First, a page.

Believe it or not, CBS News is bringing us this article on what’s hot and what’s not on television today. We find it interesting and hope you will too, because even though CBS is generally clueless about things like this the writer seems to have the right stuff:
by Lauren Moraski
From “Better Call Saul” and “Orange Is the New Black” to the newly released “Master of None” on Netflix, there’s no shortage of critically-acclaimed hit shows.
So, what does it take to make a successful series today? A lot, it turns out, especially in this digitally-focused, binge-watching and on-demand world.
Jeff Bezos, CEO of Amazon, is behind hit original streaming series “Transparent”and “Hand of God.”
“There are two ways you can go about deciding to make a show. You can ask yourself how many millions of people are going to watch this show? I think that leads you into corners that aren’t interesting,” he told “CBS This Morning.” “Or you can say is the creator of this show really passionate about this topic? Is the creator a great storyteller? Can they assemble an amazing cast? I think remarkable storytelling always finds an audience. “‘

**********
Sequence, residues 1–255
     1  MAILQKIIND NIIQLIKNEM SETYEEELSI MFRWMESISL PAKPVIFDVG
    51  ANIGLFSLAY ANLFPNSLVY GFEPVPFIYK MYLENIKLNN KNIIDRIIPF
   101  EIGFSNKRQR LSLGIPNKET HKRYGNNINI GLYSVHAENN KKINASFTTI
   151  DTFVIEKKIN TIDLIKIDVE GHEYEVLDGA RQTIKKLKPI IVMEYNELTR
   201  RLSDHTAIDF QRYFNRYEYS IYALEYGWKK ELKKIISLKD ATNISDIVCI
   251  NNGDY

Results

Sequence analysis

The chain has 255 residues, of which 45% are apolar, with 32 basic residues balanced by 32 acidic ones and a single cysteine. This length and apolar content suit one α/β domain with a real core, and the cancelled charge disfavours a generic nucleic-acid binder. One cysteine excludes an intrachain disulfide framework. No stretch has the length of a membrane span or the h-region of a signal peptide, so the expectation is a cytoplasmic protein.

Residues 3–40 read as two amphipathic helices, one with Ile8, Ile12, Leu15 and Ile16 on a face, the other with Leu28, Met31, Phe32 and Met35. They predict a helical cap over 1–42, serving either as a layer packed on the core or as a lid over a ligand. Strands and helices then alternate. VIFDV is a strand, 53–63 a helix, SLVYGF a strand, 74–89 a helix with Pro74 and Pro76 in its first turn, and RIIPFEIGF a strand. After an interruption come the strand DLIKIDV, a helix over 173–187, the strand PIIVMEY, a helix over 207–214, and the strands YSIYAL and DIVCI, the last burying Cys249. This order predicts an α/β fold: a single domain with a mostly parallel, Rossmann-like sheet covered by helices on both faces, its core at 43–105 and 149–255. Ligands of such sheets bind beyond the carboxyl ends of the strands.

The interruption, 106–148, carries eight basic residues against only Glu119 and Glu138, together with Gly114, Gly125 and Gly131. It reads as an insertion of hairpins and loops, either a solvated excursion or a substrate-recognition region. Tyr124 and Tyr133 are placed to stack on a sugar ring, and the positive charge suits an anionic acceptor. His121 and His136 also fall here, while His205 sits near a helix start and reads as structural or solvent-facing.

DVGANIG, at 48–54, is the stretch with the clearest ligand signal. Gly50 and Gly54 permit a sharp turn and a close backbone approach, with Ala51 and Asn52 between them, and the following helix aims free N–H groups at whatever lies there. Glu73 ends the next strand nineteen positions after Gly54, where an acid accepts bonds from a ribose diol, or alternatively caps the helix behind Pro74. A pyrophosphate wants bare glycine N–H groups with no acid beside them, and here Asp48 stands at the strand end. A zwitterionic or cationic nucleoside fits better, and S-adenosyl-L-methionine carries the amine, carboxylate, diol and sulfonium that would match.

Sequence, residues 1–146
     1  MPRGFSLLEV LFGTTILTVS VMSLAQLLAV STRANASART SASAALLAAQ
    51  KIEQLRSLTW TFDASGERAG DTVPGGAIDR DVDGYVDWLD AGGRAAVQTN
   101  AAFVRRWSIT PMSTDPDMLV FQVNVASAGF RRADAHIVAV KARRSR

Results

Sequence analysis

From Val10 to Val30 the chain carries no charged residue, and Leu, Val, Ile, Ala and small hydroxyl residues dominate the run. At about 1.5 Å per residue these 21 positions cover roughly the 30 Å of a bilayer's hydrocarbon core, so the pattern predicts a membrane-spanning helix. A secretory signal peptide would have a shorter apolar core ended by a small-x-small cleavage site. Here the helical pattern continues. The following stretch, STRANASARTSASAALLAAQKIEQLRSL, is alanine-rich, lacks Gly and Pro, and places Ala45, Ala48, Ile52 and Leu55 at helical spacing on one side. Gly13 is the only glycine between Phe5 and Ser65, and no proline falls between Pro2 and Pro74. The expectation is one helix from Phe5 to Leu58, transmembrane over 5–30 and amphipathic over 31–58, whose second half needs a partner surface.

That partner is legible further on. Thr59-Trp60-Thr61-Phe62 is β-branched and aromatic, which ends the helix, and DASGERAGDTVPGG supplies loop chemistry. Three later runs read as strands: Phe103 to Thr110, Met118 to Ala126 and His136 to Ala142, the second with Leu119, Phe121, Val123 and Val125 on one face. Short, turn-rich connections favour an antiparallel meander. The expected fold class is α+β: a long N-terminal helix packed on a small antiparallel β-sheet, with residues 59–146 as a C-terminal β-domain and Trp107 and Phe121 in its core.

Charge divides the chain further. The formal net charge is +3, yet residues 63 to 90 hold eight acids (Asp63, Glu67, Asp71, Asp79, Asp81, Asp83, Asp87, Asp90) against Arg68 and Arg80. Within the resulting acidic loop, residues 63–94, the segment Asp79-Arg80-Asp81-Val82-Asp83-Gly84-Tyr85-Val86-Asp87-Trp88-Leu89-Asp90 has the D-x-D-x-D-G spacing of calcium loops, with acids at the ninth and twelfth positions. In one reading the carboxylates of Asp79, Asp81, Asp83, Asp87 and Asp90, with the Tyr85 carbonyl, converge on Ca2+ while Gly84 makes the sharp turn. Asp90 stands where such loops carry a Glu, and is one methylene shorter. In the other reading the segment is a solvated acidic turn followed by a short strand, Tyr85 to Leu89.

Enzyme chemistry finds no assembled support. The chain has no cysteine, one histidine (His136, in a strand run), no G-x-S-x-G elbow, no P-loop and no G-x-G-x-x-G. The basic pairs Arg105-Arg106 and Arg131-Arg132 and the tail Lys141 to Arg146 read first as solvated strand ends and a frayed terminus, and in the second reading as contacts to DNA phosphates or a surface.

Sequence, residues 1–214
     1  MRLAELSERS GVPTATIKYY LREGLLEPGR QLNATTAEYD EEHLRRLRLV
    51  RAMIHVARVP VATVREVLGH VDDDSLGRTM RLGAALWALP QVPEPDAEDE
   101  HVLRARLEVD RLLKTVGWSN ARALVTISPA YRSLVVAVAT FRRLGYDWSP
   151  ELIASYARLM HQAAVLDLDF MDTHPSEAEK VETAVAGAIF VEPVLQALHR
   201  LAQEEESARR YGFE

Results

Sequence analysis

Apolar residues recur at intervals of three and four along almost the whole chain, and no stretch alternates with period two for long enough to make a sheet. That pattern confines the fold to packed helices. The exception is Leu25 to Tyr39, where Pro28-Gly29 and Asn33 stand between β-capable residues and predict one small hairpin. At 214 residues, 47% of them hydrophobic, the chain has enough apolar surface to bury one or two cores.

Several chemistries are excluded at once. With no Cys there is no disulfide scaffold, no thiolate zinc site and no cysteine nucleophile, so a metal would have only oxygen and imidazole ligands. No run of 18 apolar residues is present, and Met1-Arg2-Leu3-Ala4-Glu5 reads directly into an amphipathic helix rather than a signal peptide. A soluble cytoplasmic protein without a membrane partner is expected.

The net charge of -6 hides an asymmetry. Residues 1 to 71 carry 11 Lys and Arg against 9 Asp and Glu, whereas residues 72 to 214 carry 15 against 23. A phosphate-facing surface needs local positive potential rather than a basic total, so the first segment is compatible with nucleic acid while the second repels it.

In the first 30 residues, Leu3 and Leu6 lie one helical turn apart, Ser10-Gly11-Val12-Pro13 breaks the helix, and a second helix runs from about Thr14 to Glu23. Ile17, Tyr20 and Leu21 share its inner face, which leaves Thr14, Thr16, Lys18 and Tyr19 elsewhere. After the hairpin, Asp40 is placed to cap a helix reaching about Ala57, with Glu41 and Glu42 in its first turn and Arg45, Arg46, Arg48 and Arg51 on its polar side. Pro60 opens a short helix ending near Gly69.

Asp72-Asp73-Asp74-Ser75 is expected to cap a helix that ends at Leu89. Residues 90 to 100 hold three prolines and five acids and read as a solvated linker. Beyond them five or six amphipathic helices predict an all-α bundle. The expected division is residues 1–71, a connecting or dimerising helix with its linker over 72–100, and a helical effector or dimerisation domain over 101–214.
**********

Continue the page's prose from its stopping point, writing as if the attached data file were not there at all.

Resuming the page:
Alan Sepinwall, TV critic and author of “The Revolution Was Televised,” thinks there needs to be a “specificity” to a series — whether it’s a drama, comedy or reality show — for it to have staying power.
“It just can’t be some variation on something that’s been done 50 times before. It has to have a specific point of view. It has to have characters who pop,” he told CBS News.
Very good writing needs to be part of the mix, said Paul Dergarabedian, senior media analyst at Rentrak, a research company.
“[That’s what it takes] to get people to stick it out for the long haul — to binge watch something, to take 30, 40 hours out of their lives to watch something,” he said, citing HBO’s “Boardwalk Empire” as a series that had excellent writing.
“Transparent” is one of the many streaming shows with good writing that have resonated with viewers. The award-winning series, starring Jeffrey Tambor as a transgender parent, is about to enter season 2. Getting the show off the ground was smooth, said creator Jill Soloway.